Ernst Strüngmann Institute (ESI)
for Neuroscience in Cooperation with Max Planck Society
60528 Frankfurt am Main
Tel: +49 (0)69 96769 516
Selective attention allows us to respond to relevant, while ignoring irrelevant information. To understand how this works at the neuronal level is a particularly challenging question due to the dense connectivity of neurons. How is the meaningful subset of neuronal signals selected from the large mass? Note that signal selection is essential at different levels of computation, from the single neuron level up to interacting brain areas. Synchronized activity between neurons has been put forward as a potential mechanism of selective information routing. My research aims to understand the mechanisms involved in generating selective interareal synchrony. Currently, I am employing simultaneous large scale laminar recordings in multiple visual areas. This will allow us to map the laminar profile of interareal interactions. In addition, we will further characterize these interareal interactions through pharmacological intervention.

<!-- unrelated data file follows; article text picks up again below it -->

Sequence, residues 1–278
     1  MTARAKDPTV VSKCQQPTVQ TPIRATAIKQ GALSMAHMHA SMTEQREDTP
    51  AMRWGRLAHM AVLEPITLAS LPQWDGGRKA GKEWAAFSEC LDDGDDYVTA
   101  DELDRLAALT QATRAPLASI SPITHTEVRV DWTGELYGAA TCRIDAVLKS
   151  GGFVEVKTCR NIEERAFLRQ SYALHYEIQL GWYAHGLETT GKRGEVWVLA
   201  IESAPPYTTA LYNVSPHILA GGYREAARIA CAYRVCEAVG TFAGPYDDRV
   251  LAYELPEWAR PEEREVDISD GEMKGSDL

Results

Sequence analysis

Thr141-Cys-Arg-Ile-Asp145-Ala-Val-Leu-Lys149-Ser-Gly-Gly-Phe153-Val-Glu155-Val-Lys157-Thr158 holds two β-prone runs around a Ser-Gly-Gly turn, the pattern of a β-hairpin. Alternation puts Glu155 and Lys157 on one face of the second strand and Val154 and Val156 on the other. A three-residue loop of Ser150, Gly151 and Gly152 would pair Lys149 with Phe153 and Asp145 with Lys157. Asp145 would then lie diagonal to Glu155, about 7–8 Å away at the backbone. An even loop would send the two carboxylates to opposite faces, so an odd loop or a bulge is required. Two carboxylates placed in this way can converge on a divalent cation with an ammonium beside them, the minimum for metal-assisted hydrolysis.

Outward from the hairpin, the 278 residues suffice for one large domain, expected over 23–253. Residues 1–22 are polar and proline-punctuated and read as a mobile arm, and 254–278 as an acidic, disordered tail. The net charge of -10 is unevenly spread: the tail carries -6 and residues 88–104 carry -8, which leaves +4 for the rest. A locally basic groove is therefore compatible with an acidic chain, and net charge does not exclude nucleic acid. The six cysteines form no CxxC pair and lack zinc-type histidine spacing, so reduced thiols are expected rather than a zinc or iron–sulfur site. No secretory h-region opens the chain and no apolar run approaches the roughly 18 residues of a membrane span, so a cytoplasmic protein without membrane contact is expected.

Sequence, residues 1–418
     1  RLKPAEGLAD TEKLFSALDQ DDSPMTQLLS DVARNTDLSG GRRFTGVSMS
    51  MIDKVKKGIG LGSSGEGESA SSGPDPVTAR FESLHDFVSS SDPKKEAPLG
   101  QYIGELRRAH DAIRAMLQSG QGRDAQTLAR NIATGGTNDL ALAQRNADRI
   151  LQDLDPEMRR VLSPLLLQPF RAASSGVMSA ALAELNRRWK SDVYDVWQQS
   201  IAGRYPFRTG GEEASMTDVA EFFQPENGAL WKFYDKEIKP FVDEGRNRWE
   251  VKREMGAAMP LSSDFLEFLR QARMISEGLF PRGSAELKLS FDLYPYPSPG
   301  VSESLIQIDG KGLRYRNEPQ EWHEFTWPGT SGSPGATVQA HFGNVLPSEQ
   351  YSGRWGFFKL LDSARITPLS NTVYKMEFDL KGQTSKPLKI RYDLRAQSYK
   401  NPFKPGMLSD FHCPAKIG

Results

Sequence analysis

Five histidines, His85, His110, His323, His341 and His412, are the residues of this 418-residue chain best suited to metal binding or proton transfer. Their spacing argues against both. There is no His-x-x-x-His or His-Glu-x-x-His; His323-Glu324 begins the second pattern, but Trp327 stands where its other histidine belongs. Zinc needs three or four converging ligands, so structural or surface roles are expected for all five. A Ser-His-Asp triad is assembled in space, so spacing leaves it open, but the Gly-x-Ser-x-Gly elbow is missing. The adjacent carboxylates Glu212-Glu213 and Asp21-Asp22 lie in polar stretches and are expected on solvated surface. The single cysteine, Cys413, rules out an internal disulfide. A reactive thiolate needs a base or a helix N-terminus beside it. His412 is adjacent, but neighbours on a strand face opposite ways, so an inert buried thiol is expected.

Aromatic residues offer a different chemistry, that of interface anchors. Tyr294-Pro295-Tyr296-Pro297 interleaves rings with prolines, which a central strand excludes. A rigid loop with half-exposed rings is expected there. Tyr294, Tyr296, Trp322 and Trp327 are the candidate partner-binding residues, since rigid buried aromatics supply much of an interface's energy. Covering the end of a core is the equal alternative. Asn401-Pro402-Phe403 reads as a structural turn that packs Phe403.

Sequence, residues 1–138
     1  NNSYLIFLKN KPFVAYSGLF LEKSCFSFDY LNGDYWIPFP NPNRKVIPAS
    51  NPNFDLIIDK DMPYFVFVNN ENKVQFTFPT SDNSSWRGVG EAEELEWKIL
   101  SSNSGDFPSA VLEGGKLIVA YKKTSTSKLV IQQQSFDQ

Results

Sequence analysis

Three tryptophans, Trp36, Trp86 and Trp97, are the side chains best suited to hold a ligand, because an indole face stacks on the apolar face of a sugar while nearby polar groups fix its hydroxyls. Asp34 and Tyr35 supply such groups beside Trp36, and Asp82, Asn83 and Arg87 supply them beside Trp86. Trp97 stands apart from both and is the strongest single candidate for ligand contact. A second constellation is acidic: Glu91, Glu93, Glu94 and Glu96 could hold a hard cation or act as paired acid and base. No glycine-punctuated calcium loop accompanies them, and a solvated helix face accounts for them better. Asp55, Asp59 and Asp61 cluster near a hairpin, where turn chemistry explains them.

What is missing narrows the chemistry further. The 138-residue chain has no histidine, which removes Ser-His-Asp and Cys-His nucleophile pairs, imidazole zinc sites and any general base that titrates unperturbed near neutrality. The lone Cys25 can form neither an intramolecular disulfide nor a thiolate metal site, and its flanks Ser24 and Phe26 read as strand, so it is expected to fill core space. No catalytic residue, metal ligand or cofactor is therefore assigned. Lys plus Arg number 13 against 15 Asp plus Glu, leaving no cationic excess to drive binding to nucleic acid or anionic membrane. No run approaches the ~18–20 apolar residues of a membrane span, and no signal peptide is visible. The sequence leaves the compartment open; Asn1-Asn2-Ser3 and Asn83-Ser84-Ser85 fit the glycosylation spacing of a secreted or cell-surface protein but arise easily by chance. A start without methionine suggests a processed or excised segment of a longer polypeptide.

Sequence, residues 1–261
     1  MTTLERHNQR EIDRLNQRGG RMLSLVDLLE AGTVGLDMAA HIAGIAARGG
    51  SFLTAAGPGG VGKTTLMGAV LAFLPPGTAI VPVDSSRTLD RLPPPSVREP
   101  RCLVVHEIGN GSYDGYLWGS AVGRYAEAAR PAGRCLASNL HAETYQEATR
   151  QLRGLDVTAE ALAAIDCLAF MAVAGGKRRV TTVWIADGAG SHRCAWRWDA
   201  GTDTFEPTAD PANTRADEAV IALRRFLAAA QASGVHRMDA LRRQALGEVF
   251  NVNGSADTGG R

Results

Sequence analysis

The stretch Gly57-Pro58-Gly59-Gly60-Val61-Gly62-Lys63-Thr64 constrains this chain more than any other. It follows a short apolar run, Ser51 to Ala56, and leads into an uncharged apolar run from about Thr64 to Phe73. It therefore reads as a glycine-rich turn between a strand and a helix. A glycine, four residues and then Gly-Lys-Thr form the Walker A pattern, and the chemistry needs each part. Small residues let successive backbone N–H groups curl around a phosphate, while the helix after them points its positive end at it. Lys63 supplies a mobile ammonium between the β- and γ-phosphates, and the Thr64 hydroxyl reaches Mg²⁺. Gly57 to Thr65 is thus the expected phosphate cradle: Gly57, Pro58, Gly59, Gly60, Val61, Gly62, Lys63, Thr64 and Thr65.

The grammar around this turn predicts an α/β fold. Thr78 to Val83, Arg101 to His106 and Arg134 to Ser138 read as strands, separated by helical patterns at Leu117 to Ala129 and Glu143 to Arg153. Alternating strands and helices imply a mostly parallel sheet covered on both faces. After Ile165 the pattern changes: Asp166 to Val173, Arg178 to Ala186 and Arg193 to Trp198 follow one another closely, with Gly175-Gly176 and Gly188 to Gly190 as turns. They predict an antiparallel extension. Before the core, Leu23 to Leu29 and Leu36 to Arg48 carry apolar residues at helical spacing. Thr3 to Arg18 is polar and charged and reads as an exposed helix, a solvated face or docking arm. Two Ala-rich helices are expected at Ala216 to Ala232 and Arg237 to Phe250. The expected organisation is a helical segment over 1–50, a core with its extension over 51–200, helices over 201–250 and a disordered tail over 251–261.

Grothe, I., Neitzel, S. D., Mandon, S., Kreiter, A. K. (2012) Switching Neuronal Inputs by Differential Modulations of Gamma-Band Phase-Coherence. The Journal of Neuroscience 32(46), 16172-16180.
Scheeringa, R., Fries, P., Petersson, K.-M., Oostenveld, R., Grothe, I., Norris, D. G., Hagoort, P., Bastiaansen, M. C. M. (2011) Neuronal Dynamics Underlying High- and Low-Frequency Eeg Oscillations Contribute Independently to the Human Bold Signal. Neuron 69(10), 572-583. doi: dx.doi.org/10.1016/j.neuron.2010.11.044
Grothe I., Plöchl M. (2008) Amplitude asymmetry: a direct link between ongoing oscillatory activity and event-related potentials? Journal of Neuroscience 28(49), 13025-13027.